The Beginning (1830-1900)

Bucket Brigades
Lafayette was founded back in 1825. The fire protection was provided by volunteer fire companies and consisted of bucket brigades that were organized on a whim. Citizens were asked to keep a bucket and a ladder on their front porch in case there was a fire that happened while they were not home.

Wabash Fire Company
On December 30, 1839, the first volunteer fire company was formed in Lafayette and it was called Wabash Fire Company. The 1st engine house was believed to be on the Court House Square. This company would eventually become the Columbia Street engine house when the department became paid.

Good Intent Fire Company Number 2
The 2nd company formed was the Good Intent Fire Company Number 2. A report from the city back in 1847 shows the purchase of Station 2, which is probably where the company was housed. This company would change its name to the Quickstep fire company sometime in the early 1860s.

Independent Fire Company Number 3
Around 1850 there was another company called the Independent Fire Company Number 3 (Canal Road Area) which would eventually change its name to Lively's or the Lively Fire Company. Lively's was organized in 1866.

Kossuth Fire Company<br> The 4th company formed was the Kossuth Fire Company. It was founded around 1854 and used the old school corporation building for an engine house. It also provided fire protection for the 6th ward. They were housed somewhere around 16th and Purdue streets. On January 4, 1884 the City of Lafayette took over the fire protection for this area of the city. This company is what evolved into the modern Fire Station 3.

Friendship Fire Company Number 4<br> In December of 1859 the Friendship Fire Company Number 4 was formed and was probably located on Main Street just north of the Oakland Park Area. Also, sometime around 1843 the Hook & Ladder Company was formed and was located on South Street near 2nd Street.

Fire Wardens
The very 1st attempt at unified fire protection occurred on June 5, 1845. An ordinance was passed appointing Fire Wardens for the Town of Lafayette. Those men were John McCormick, Wilburn Reynolds, Thomas Rogers and William Heath. They were required "to be present at fires that may occur in the said town, and preserve order among the citizens."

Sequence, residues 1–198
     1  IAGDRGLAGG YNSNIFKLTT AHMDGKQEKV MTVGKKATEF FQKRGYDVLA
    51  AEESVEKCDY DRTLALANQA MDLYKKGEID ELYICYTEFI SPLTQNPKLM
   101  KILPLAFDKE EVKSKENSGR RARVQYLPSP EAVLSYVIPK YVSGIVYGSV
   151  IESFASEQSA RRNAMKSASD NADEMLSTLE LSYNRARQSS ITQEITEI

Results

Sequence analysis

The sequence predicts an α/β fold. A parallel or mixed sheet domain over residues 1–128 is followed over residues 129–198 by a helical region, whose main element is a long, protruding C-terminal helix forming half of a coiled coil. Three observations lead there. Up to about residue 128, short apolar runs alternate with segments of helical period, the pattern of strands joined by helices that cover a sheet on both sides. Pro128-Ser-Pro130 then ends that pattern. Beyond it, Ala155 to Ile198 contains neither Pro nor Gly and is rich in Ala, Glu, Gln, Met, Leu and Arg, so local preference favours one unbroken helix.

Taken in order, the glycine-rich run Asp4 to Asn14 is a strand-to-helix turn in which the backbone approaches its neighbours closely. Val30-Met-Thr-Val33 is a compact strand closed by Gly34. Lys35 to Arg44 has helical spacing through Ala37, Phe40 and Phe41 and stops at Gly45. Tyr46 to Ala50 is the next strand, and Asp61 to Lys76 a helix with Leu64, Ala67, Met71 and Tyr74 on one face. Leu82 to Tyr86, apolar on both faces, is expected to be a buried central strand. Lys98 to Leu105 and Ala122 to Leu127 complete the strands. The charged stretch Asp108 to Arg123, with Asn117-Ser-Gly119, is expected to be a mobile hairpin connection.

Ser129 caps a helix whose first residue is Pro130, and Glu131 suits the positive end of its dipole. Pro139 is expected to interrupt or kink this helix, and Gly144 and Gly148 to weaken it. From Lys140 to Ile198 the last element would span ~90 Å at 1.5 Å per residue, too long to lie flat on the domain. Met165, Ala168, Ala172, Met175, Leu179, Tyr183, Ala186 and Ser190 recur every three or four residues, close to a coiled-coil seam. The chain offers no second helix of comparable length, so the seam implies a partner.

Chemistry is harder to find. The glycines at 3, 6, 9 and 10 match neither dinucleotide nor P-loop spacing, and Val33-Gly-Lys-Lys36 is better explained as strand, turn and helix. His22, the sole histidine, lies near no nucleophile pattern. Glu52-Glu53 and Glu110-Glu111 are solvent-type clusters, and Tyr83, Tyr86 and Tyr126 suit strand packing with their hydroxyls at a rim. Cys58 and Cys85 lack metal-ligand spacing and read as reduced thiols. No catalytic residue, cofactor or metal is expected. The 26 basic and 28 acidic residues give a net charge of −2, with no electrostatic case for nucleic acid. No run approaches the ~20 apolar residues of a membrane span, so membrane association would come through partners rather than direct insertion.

Fire Chief Engineer
On May 11, 1853 the Committee on Fire Department recommended to the council that a Chief Engineer be appointed. There was also a petition signed by 45 people to organize a fire company under the City Charter. Both items were approved and Thomas H. Clark was appointed the fire Chief Engineer of the Lafayette Fire Department. The 2 companies that merged into the city were the Hook & Ladder Company #1 and the Good Intent Company #2.

Paid Firefighters
The steam engine arrived in Lafayette in April of 1864. This was around the same time that the City of Lafayette began paying its firefighters. And this is also when the command structure of the department started to be more of a modern unified command. By the late 1870s the paid Fire Department consisted of:
  • 1 Chief Engineer
  • 1 Assistant Chief Engineer
  • 1 Engineer of the Steamer
  • 1 Driver
  • 5 Regular Hosemen
  • 6 Minute Men
There were also 41 members of the volunteer companies. By the 1890s the volunteer departments had been absorbed into the city and the department became fully paid.